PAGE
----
- Shop out your material needs to different suppliers
- Train up your employees on how not to be wasteful with material
- Revisit historical data and market conditions to reevaluate the accuracy of your KPIs
According to Follett, every department in your company should set their own trigger points.
How Do You Set and Monitor Trigger Points for Construction KPIs?
Collaborate with your team to:
- Define what business variables should be monitored with trigger points.
- Decide what the trigger point numbers will be for each variable you want to monitor. This should be a long, involved process, because different people will have different opinions. For example, for trigger points that relate to the amount of work that the company can feasibly take on, the estimator may have a different idea than the foreman. Poll a wide range of employees to get a rich picture of your trigger point ranges.
- Build a dashboard, likely in Excel or your chosen software, where you can view this information, and ideally have some information auto-populate from different sources.
- Set your ideal meeting cadence to discuss trigger points. If you meet to discuss it too infrequently, it may mean missing the point at which something gets triggered. But you always want to avoid death by meeting. Weekly is a good starting point.
Many trigger points are only as good as the flow of information from the field to the office. Make sure you’re always finding ways to strengthen this flow of information, to maintain the integrity of your trigger points.
Can Trigger Points Change?
It depends on the trigger point, but yes, it wouldn’t hurt to revisit your triggers periodically to make sure they still make sense for your business and growth stage.
For Example: If you did $15M last year, and have $15M anticipated for just the first 6 months of this year, you can probably immediately flag that as a project load trigger point. However, other factors may affect whether or not it truly is. Maybe your PMs were new last year, and this year they have a better grasp of how to do their job. Their capacity to do work has evolved. The same goes for your crews. It doesn’t mean the $15M is feasible, but you still may have stronger capabilities than you did last year. This is just one example, but it illustrates how the variables that affect a trigger point can change over time, and should be revisited to make sure they reflect those changes.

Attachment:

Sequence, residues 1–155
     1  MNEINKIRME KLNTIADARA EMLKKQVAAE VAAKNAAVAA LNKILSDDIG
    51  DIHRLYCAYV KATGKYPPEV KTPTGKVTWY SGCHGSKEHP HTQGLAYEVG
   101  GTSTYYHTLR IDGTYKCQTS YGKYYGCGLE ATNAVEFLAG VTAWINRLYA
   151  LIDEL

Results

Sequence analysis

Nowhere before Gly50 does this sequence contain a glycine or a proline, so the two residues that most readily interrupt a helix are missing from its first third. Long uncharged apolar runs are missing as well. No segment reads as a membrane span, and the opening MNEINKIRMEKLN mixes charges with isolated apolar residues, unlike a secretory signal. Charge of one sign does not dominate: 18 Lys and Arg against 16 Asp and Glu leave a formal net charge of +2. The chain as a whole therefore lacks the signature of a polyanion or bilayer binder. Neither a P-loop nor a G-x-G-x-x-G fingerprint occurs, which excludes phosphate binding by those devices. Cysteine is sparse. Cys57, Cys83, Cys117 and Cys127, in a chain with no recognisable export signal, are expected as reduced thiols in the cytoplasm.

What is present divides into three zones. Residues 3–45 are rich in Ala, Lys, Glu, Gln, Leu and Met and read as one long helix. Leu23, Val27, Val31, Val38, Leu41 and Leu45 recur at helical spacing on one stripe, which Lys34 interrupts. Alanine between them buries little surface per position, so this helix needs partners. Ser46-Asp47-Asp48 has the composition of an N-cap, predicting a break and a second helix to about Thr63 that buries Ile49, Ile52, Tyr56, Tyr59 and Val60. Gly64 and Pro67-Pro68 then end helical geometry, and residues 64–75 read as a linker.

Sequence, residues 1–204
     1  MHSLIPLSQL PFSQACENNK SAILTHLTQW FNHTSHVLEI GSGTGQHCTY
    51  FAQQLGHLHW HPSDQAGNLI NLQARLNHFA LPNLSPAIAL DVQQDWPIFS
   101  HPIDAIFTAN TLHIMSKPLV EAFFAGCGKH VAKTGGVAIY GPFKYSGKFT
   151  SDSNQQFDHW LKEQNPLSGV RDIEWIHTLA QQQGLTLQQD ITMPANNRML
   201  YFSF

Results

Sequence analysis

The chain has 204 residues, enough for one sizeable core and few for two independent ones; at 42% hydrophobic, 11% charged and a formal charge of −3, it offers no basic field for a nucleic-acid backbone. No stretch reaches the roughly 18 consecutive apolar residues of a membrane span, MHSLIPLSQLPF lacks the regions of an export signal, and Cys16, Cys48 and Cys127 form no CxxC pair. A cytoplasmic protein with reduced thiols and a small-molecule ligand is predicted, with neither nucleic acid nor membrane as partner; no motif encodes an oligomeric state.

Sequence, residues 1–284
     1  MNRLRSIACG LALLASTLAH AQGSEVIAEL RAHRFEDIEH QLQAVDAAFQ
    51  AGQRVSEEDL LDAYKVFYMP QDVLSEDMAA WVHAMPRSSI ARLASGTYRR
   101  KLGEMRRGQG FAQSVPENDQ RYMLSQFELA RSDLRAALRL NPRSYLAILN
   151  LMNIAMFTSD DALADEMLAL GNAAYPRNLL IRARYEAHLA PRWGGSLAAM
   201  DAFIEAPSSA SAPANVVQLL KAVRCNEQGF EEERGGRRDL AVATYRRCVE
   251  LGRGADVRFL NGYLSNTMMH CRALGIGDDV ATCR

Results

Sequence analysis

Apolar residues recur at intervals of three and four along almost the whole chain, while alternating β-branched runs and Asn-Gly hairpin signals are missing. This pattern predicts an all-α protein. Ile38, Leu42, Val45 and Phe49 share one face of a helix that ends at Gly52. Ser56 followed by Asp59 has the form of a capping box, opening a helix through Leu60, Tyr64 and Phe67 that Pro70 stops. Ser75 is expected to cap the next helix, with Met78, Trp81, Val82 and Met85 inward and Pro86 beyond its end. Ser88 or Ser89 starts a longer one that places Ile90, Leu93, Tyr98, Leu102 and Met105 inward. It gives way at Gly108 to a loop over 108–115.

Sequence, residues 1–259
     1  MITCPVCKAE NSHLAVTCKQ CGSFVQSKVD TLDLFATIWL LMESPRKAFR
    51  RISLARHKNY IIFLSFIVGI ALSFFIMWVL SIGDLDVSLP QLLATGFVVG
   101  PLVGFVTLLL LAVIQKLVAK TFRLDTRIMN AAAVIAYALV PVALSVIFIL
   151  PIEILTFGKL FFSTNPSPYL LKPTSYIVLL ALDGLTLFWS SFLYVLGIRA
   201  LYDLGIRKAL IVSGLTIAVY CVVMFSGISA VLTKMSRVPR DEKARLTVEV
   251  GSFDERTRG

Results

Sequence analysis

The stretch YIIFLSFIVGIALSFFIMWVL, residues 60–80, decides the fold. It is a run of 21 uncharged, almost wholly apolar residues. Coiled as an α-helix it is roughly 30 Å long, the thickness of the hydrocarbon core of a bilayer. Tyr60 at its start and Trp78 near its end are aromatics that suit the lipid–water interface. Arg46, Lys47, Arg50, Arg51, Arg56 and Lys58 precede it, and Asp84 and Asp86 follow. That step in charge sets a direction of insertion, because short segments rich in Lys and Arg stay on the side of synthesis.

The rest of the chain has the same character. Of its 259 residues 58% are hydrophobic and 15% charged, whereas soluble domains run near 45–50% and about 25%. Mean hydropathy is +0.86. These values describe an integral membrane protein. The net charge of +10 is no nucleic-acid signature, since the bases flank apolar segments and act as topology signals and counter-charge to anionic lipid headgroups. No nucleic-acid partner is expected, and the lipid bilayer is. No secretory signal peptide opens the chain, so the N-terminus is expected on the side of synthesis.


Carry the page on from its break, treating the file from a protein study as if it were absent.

Should You Use a Specific Software to Manage Trigger Points?
If you already have software on deck that would be great for monitoring your trigger points, then go right ahead. However, Follett offered a recommendation. Power BI is a Microsoft Data Visualization tool that he characterized as “extremely powerful.” It allows you to pick information running through your system and create detailed reports. The dashboards are updated every 2 hours and everything can be assembled at the click of a button.
Pro Tip: Beyond using the right software for your business, “the best thing your finance person can do is be a jack of all trades, to not only understand the numbers, but how we got to the numbers. To employ a serviceable, top-level understanding of how projects are completed.” Follett says. “Work with your team to build something meaningful to position the info they need.” Follett says.
The financial health of your company depends on being careful, deliberate and using strong internal processes. Trigger points are an excellent way to maintain good financial and operational hygiene, and ultimately protect your bottom line.